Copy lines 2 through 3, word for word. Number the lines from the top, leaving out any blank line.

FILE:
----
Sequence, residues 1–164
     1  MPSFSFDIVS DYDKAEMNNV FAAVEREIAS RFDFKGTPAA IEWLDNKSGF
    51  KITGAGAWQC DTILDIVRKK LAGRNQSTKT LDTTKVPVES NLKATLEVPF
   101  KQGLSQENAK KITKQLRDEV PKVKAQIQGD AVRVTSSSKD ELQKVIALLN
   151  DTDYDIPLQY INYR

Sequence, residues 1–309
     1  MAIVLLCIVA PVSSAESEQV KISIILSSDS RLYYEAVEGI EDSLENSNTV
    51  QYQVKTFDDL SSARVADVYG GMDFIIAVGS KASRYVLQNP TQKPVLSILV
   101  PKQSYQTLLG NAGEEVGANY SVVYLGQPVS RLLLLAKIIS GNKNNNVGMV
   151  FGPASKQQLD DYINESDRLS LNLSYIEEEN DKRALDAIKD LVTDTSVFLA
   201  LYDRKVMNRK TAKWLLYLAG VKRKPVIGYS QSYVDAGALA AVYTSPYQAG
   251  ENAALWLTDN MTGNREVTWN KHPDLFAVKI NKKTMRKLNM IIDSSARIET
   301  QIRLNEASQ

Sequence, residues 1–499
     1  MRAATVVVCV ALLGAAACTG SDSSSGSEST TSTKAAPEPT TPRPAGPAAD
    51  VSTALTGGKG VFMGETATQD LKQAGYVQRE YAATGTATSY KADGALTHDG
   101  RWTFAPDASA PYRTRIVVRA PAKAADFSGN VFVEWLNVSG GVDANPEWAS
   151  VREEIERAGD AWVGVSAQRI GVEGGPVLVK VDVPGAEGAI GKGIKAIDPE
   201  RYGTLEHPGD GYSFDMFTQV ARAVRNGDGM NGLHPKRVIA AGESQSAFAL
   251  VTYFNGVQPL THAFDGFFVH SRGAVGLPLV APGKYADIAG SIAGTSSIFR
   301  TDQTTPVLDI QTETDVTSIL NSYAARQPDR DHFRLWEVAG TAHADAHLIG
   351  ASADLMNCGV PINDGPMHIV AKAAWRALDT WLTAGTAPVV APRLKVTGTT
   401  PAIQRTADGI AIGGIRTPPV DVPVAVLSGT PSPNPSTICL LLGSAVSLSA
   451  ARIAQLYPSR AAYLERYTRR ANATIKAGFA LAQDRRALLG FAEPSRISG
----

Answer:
     1  MPSFSFDIVS DYDKAEMNNV FAAVEREIAS RFDFKGTPAA IEWLDNKSGF
    51  KITGAGAWQC DTILDIVRKK LAGRNQSTKT LDTTKVPVES NLKATLEVPF